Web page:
Below we’ve got a discussion of the starting pitching situation as well as the best teams to use for stacks for Wednesday’s 11-game evening slate on DraftKings. We’ve also got projections derived from Dan Szymborski’s ZiPS projections, and we have rankings of the top plays at each position.


Games to keep an eye on rain-wise are Seattle at Cleveland and San Diego at Atlanta. The Cleveland game looks like it has some chance of postponement, but just delays are more likely. As for the game in Atlanta, a delayed start looks like a possibility, but they may be good there once the game gets going. If they do play in Cleveland, there’s a nice wind blowing out to right field, and that park plays up for left-handed power to being with, so lefties could be pulling balls and riding that wind.

Given how often forecasts change between the time this post is written late the night before and when games actually start, make sure to follow @KevinRothWx for updates.

Pitching Perspective

According to my model, Tyson Ross ($9,300) has the top projection of the day on a day where the pitching options are less than stellar. Ross has a decent matchup with the Braves, though they aren’t a team who strikes out a lot, and he’s getting a slight bump pitching in Atlanta, though the park isn’t as pitcher-friendly as San Diego. As for Ross himself, he’s had a bit of a weird year in that his walk rate has spiked up into double digits despite the fact that his first pitch strike rate and percentage of pitches thrown in the zone are both noticeably higher than his career averages. I expect his walk rate to come around a bit and pair nicely with his 25 percent strikeout rate backed up by a 13.5 percent swinging strike rate. Ross is your SP1 for cash games tonight.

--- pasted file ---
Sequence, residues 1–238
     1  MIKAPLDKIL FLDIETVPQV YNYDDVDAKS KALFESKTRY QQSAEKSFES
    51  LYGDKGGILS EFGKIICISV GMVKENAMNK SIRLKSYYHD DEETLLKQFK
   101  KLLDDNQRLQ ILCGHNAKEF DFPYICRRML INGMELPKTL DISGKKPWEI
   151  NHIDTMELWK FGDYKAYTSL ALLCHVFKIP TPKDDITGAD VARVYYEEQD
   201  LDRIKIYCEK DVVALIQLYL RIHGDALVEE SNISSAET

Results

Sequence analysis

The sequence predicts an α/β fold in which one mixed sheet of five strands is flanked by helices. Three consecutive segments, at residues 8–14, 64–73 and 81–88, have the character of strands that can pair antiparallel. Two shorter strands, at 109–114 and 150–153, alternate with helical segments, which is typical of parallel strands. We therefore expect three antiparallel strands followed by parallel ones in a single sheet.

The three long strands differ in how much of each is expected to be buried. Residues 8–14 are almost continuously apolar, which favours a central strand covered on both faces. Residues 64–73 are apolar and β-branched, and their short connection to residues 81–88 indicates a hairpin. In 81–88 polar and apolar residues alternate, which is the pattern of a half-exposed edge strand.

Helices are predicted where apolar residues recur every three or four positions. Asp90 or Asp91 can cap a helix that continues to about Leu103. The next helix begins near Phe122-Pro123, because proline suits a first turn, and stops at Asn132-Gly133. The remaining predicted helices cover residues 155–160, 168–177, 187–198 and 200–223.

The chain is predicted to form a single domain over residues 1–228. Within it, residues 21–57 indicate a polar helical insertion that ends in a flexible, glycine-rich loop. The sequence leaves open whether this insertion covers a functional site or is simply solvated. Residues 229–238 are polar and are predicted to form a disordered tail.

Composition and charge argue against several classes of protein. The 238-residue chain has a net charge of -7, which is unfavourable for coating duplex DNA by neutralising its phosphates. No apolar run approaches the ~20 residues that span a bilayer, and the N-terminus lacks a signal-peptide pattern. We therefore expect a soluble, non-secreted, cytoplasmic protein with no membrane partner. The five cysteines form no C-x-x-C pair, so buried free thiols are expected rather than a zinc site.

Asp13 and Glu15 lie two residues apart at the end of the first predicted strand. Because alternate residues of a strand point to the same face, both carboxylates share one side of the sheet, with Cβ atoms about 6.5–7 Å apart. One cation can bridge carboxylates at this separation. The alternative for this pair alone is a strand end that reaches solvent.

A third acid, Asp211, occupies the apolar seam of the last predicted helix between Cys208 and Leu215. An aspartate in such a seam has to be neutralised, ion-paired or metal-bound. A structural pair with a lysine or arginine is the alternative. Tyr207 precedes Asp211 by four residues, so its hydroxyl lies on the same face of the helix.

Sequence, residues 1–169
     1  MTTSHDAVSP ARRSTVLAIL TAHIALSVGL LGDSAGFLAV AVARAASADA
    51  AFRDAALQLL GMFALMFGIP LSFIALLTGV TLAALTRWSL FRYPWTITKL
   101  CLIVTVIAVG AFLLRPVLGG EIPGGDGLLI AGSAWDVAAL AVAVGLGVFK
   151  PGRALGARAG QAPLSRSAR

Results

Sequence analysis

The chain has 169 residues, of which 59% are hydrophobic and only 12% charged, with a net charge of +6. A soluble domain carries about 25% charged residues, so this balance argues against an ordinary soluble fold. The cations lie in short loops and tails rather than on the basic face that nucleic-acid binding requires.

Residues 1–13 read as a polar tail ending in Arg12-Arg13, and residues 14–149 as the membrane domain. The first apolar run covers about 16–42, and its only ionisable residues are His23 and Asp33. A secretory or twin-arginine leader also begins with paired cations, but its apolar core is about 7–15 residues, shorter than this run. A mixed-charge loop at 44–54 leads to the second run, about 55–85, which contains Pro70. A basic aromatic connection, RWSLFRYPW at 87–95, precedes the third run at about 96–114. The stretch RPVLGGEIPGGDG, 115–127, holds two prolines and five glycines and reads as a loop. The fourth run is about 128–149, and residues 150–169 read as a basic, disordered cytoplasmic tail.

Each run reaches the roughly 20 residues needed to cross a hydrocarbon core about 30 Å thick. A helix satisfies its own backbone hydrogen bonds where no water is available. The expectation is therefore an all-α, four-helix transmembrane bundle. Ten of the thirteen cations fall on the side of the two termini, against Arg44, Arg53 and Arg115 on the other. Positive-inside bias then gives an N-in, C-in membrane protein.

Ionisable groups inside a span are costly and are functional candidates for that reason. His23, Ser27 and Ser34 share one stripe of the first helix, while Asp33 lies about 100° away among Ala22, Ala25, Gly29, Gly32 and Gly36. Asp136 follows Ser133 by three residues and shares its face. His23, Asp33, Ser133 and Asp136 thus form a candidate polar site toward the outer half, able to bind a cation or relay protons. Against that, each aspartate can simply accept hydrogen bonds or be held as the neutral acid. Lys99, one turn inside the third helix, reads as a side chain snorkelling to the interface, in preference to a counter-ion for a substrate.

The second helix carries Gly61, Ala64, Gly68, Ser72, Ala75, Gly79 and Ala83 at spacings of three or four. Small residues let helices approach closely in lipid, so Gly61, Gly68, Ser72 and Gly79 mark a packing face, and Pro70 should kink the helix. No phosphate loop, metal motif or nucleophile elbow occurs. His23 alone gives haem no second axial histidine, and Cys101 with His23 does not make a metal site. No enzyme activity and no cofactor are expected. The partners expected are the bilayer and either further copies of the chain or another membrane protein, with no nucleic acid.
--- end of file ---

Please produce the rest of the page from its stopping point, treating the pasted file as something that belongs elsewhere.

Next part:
Matt Harvey ($10,700) has the second best projection of the day, but given that he’s $1,400 more expensive than Ross, I won’t be rostering Harvey.

From the mid-price range, I like (and I can’t believe I’m saying this) Jered Weaver ($7,100). Why? Just because the model says so. Weaver has just a 12.7 percent strikeout rate this year, but his swinging strike rate isn’t far from what it was last year when he had a near league average strikeout rate. I expect some more strikeouts to come and for Weaver to continue to keep the walks to a minimum. He’s got a decent matchup with the Rays, and pitching in Tampa is always helpful. I don’t like him in tournaments because of a lack of upside, but I could get on board with him in cash games.